James Delingpole

True courage

True courage

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All last week I was in Holland with some of the splendid old boys of 4th Commando Brigade, commemorating their liberation of Walcheren island 60 years ago. I asked them whether they felt they’d benefited from their wartime experiences and most of them said yes. ‘When you’ve been through all that, you come out knowing you can handle anything,’ said a twinkly-eyed fellow called Pat Hagen. ‘And it’s a useful thing to know because what you have to realise is that life is always hard. After the war I faced obstacles every bit as tough as I did during the war. You’ve got to learn to deal with them.’

I found this Nietzschean philosophy very helpful and I shall try always to keep it in mind when, as at the moment, I find myself tempted to curl up in a shellhole and weep with self-pity rather than press on, as one should, and take that enemy bunker. But it’s terribly hard, being grown-up and having to take wise, emotionally detached decisions all the time. If only there were some perfect guru one could rely on in times of trial.

In the magnificent final episode of this season’s The Sopranos, that guru was us, the viewers. We knew with adamantine certainty exactly what Tony had to do in order to avert the escalating conflict with the rival mob from Brooklyn. He had to go out there and waste his beloved (but psychopathic) cousin Tony (Steve Buscemi). The question was: would he summon up the moral courage to do it?

Our big fear was that he wouldn’t, especially after the scene where Soprano (who hasn’t been showing much firm leadership of late) attempted to reassert his authority by telling his crew that their job was to defend, to the death if necessary, one of their own, regardless of how much of a liability he was. At which point I fully expected a hideous cycle of tit-for-tat killings and the Fawn and I spent the next few minutes anxiously speculating which of our favourite characters were for the chop.

Then came a delicious sequence as Tony sought advice from various quarters, among them the History Channel (a stirring documentary about Rommel), his uncle Junior (unfortunately gaga with Alzheimer’s) and his psychiatrist Dr Melfi. Here, quite unwittingly, Dr Melfi found herself condemning a man to death and deciding the future of the whole New York mob scene by firmly reminding Tony that he didn’t really care for his cousin — he was just eaten up with misplaced guilt, that’s all.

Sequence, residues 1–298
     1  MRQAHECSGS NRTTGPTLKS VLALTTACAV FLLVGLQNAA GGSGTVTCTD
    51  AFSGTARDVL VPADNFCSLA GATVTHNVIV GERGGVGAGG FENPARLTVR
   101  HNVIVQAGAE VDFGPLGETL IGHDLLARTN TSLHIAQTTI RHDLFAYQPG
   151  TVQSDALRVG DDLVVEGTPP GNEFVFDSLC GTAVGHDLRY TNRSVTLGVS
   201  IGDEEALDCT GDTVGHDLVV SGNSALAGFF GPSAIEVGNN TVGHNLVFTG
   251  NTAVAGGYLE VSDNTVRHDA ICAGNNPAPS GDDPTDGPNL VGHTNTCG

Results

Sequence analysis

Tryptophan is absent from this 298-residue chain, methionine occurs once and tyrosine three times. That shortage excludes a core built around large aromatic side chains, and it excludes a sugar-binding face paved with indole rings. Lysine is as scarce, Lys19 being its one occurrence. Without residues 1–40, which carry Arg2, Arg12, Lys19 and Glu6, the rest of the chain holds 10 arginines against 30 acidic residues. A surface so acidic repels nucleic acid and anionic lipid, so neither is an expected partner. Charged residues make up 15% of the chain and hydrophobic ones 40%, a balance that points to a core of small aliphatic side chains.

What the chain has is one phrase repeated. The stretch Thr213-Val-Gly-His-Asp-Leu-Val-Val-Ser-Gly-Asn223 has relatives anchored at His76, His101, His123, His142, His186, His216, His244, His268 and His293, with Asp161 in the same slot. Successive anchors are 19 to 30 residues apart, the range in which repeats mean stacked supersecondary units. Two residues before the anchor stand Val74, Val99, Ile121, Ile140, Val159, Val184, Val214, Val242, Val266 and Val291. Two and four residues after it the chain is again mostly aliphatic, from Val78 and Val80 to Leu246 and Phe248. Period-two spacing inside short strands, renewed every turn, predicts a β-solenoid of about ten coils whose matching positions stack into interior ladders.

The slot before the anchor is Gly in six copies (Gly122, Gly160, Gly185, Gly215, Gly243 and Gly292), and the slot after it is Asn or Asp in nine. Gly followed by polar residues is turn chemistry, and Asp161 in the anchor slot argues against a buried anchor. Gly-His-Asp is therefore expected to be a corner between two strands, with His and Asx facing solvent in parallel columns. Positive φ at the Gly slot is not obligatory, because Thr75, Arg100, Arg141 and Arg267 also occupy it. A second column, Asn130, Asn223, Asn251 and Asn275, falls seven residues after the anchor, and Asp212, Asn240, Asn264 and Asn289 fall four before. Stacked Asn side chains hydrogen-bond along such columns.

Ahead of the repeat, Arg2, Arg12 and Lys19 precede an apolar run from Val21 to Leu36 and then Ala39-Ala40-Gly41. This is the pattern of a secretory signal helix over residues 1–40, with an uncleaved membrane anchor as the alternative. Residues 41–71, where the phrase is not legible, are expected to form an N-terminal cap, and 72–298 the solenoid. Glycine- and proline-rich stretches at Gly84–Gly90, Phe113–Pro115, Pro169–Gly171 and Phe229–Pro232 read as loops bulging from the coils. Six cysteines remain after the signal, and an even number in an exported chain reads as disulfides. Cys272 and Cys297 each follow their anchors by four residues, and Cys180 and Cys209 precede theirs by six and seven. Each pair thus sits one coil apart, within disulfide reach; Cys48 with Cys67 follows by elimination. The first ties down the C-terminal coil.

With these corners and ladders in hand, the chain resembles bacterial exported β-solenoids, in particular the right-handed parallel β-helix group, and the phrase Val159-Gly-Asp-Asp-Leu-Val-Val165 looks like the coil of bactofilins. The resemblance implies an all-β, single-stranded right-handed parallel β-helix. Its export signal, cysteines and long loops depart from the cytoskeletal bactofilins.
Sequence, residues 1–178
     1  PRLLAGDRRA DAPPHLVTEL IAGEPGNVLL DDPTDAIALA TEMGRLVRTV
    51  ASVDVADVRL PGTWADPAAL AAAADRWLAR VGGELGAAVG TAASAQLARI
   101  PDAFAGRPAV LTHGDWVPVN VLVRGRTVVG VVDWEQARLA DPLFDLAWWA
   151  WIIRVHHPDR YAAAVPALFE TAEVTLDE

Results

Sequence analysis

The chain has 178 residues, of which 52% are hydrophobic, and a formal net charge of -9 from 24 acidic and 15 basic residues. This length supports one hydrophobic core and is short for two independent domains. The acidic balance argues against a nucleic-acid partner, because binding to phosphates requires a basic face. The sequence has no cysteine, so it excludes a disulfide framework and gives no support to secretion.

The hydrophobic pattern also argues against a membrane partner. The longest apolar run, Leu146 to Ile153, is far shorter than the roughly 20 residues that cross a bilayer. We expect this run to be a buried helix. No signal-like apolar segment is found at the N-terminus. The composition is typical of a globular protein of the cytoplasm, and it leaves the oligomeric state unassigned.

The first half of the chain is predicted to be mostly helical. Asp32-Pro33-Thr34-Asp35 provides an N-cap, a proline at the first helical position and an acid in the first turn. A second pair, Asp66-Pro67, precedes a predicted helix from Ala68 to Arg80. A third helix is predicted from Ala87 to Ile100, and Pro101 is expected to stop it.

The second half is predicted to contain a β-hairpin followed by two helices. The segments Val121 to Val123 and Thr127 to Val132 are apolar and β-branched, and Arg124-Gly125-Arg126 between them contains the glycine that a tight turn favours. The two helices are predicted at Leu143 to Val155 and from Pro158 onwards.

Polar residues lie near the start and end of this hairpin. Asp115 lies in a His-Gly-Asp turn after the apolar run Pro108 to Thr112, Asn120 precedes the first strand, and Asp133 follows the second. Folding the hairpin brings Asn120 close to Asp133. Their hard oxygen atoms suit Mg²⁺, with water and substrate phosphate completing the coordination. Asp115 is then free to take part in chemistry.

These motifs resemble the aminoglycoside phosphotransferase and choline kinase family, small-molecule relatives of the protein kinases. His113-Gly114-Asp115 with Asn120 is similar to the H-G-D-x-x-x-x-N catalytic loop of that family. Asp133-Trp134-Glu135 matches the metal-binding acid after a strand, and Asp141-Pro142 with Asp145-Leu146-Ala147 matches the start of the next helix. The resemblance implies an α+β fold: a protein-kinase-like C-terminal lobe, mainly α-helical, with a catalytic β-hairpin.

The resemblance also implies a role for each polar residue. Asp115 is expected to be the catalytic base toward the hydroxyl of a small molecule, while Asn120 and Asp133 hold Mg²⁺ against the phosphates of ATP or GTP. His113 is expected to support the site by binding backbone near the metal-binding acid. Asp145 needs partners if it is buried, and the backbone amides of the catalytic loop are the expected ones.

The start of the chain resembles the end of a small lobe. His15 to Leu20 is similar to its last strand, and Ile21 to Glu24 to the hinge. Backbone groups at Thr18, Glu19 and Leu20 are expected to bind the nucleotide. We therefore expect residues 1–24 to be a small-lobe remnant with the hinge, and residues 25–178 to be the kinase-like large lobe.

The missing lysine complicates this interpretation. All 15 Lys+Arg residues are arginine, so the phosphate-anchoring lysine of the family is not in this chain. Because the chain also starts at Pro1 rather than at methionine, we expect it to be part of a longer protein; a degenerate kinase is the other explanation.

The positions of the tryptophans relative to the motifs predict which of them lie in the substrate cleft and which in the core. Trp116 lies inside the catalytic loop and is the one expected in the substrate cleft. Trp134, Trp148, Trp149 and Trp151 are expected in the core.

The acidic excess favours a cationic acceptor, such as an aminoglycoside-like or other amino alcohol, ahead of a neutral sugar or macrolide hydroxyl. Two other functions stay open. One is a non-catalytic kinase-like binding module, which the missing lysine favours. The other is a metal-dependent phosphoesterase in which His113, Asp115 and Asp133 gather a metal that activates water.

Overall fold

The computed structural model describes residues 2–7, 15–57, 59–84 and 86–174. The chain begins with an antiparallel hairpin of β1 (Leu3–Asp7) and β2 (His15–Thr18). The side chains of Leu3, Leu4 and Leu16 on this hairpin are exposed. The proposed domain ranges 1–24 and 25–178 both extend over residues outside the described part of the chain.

How unconfined, then, was our joy when Tony suddenly materialised with a shotgun at the family farm where his cousin was skulking and, without a word, blew half his head away! Not nice, but such is the way with The Sopranos: each season it sets up a character so uncompromisingly vile that by the time they get their bloody deserts you’re in ecstasy.

That wasn’t the end of our treats, either. There were the comic interludes provided by the sweetly oblivious Carmella, forever cropping up at moments of the direst tension to ask her husband’s views on vital issues like the architectural plans for her father’s new home. There was the quite unexpected pleasure — which will have struck a chord with parents of teenagers throughout the land — of seeing the lumpen Anthony Jr finally show a sense of purpose in his hitherto aimless life (he’s going into the party-planning business).

And then, of course, there was the marvellous scene at the end in which Tony deftly persuades his rival boss Johnny Sack not to be too upset by the fact that now cousin Tony is dead he is unavailable for the slow and agonising torture by blowtorch which Sack and his boys had planned to inflict on him. They embrace. All is resolved. Dénouements really couldn’t be more satisfying than this, you think. Or could they? Suddenly, from nowhere, the Feds come running forward. For a nasty moment, as Tony hightails it into the forest, you think he’s finally going to be arrested. But no, as his lawyer soon explains, his fortunes have taken a spectacular turn for the better. Sack and the whole of his Brooklyn mob have been arrested — meaning that there’s now a huge power vacuum waiting to be filled...

Until then, we’ll just have to get our gore fix from Jed Mercurio’s promising and aptly-named new hospital drama Bodies (BBC1, Wednesdays). The great thing about British medical soaps, unlike so many of their American counterparts, is that they don’t waste your time pretending that hospitals are clean, efficient places run by warm, lovely people who really care. After opening with a nail-biting scene in which the woman who has come in for fertility treatment accidentally gets her notes swapped with those of one who has come in to be sterilised, episode one moved charmingly on to an elderly cancer victim coughing her last with a spew of dark red blood, then a botched emergency tracheotomy so unspeakably grotesque I had to dance round the room squealing, ‘No No Nooo!’ I am never going into an NHS hospital whatever the circumstances. Ever.

Written byJames Delingpole

James Delingpole is officially the world's best political blogger. (Well, that's what the 2013 Bloggies said). Besides the Spectator, he is executive editor of Breitbart London and writes for Bogpaper.com and Ricochet.com. His website is www.jamesdelingpole.com and his latest book is Watermelons.

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